Tuesday, November 29, 2011

In Their Own Words: George Burton

This biography was written by Mary Elizabeth Ransom, the wife of George Burton, after his death. The piece was edited by Lynn Ransom Burton on 7 February 1988.

George Burton was born 2 June 1875 at Bountiful, Davis County, Utah, the
son of George Burton and Mary Ann Johnson. He was the fourth child in a family of six, four boys and two girls. He was the oldest living son - James Thomas, another son, having passed away in England before they emigrated to America.

George's parents were early emigrants from England, having come to America
for the Church of Jesus Christ of Latter-day Saints in the year 1868. His father
worked on the Salt Lake Temple for many years as a stone mason, and George
related of times when he took his father's lunch to him and played with the
other boys around the temple grounds.

There were two sisters older than he - Sarah Ann and Mary Ann - both born
in America. In the following years, two more boys came to bless the little
family. In order of birth, they were: William Johnson Burton and Caleb Johnson

George was baptized 17 June 1883 by Anson Call, and was confirmed a
member of the Church of Jesus Christ of Latter-day Saints, 17 June 1883, by
David O. Willey. When George was sixteen years of age his father passed away
leaving a wife and family and he, at an early age, left home and took up work
of caring for sheep to help support the family. He had attended district
school and was a very good student. He was ordained in the priesthood to the
office of deacon by Chester Call. He was taught to pray by his parents, and
if he prayed in faith his prayers would be answered. He has told us many
times of an incident that happened when he was a young boy. His father had
given him a horse which he valued very much. One night he put it in a small
alfalfa pasture for the night. In the morning he went for his horse and
couldn't find it anywhere. After walking the area several times, he kneeled
down and prayed to his Father in Heaven for help in locating his horse. On
arising to his feet, there stood the horse a short distance from him. That
and other such incidents gave him a strong testimony and strengthened his
belief in prayer.

About the winter of 1891 or 1892, he took the job of caring for Hyrum
Stewart's sheep and came to Idaho, going on the desert at Kelton, Utah in the
winter and returning to Idaho in the spring, where it was much cooler and
the feed for sheep was better.

On 6 April 1893, George and I became acquainted and after a courtship of
six months, were married 13 October 1898, in the courthouse in Salt Lake City, and later solemnized in the Salt Lake Temple. About a year after our marriage, Will (William) and Caleb, his two brothers, came to live with us, their mother having passed away in the spring of 1898, and they made their home with us until they were married.

George and I were parents of a large family - six boys and seven girls.
In order of birth, they are: Ethel, George R., Mary, James R., William R.,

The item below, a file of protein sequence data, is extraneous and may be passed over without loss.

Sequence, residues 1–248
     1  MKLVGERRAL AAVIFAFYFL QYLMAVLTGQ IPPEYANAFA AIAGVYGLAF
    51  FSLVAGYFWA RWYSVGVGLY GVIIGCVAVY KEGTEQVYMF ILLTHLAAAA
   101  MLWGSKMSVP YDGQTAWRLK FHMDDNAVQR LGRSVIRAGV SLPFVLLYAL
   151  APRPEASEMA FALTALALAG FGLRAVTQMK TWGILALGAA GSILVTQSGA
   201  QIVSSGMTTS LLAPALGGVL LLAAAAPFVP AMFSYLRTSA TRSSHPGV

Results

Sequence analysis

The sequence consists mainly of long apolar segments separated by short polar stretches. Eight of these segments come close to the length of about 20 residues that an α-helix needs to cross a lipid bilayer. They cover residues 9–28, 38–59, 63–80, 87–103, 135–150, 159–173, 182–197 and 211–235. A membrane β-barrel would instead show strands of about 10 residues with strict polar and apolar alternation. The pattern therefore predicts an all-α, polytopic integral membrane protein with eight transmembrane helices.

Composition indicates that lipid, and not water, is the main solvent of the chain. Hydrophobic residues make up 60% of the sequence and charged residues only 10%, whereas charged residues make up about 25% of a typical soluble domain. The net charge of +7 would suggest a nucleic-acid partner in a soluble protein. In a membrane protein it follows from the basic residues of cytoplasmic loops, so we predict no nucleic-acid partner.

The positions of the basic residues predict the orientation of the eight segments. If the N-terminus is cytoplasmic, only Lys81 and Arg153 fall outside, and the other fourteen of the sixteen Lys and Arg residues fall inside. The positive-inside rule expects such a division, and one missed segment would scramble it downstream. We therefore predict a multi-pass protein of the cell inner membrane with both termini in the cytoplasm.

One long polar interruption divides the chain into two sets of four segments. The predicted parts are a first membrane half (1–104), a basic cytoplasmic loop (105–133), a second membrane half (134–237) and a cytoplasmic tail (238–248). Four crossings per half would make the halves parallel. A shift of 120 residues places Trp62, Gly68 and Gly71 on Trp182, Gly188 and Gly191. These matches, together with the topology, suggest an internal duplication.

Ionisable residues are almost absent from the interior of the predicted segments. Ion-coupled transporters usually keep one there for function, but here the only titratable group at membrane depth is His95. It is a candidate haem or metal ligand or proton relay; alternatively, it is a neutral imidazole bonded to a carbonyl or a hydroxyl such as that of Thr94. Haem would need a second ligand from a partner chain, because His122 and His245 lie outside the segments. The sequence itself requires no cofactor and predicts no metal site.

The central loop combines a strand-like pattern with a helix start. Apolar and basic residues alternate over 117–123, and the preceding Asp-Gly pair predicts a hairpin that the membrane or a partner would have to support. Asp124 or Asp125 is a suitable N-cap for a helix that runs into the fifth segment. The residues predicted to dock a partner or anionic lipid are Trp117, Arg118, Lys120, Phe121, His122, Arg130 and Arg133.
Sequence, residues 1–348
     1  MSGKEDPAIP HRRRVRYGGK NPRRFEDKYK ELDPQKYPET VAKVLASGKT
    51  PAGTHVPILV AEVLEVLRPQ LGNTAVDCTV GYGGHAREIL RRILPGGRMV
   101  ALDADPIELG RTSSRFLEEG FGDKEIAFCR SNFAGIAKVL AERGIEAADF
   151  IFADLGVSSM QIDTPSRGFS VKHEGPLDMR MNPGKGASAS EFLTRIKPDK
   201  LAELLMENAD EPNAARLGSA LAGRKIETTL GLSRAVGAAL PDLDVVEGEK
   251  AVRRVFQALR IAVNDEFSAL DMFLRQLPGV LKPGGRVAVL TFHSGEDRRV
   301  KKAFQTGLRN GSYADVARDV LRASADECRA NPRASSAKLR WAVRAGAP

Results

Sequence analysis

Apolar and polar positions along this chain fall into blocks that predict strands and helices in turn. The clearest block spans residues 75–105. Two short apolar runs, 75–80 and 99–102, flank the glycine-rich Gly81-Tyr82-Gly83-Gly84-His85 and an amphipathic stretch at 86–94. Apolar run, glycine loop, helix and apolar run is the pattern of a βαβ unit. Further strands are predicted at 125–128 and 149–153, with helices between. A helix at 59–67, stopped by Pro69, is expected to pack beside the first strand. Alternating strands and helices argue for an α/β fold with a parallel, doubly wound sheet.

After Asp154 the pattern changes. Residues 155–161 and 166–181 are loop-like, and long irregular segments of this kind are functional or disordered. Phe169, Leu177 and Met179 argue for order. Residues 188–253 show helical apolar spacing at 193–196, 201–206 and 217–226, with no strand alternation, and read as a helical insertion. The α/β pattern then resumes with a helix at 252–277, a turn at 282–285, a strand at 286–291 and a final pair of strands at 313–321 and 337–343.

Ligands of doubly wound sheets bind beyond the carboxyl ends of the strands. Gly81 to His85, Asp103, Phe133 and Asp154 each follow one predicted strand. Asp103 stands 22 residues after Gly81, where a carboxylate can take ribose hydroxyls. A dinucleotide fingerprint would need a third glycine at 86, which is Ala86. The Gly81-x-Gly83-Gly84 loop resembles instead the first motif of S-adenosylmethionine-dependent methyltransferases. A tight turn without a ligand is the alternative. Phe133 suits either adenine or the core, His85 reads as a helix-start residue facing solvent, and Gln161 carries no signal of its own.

Vera, Orella, Rulon R., Mildred, Elvina, Willis R., Lincoln R., and Delma.

About three years after our marriage on 6 July 1901, George was ordained
an Elder by Chester Call at Chesterfield, Idaho. Then on 21 August 1901, we
went to the Salt Lake Temple and were sealed as man and wife for time and all
eternity. George was ordained a Seventy in August 1908 by Seymour B. Young.
George held many positions in the Cleveland Ward, Cleveland, Idaho. He was a
Ward Teacher for many years, and would travel by horseback to do his teaching, riding a distance of about twenty miles, winter and summer. Many times he has left home before daylight to attend priesthood meeting at Grace, Idaho, and wouldn't get back until after dark, as the only way he had of traveling was with horses and buggy, or horseback, and Grace was twenty-five miles from his home. He also served as Sunday School teacher and President of the YMMIA. When the Wilson Ward was organized on the Divide, he has chosen as second counselor to Bishop James A. Ransom. George was a High Priest and set apart as second counselor in the Bishopric, by Orson F. Whitney, 20 August 1916.

I have heard George relate many times of a dream he had. He said that
a person came to him and said, "I am the original George Burton." George said
it wasn't his father or anyone he knew in this life. Also, the individual
wrote something in the sand or dust with his finger. It was so plain that
George thought he could remember it, but getting busy with his work, it
slipped from his memory and he could not recall what had been written.

Besides being a kind and loving father to his family, he was always ready
to help others. I can remember many times he has been called out in the night
to go to the store, which was five miles away, for something for the sick.
Although he had to go on a horse, as there were no cars in those days, the
distance was never too far nor the weather too bad that he did not go when
he was called. He was well thought of and revered by all who knew him. He
had a posterity of ten living children, five boys and five girls, thirty-nine
grandchildren and fifty-five great grandchildren to live and cherish his

George was killed by a horse in an accident on 4 March 1944, while on
the desert working with Foss and Mecham Sheep Company. Funeral services were held 9 March 1944 in the Cleveland Ward Chapel, Cleveland, Idaho. Burial was in the Cleveland cemetery beside three of his children, who preceded him in death.

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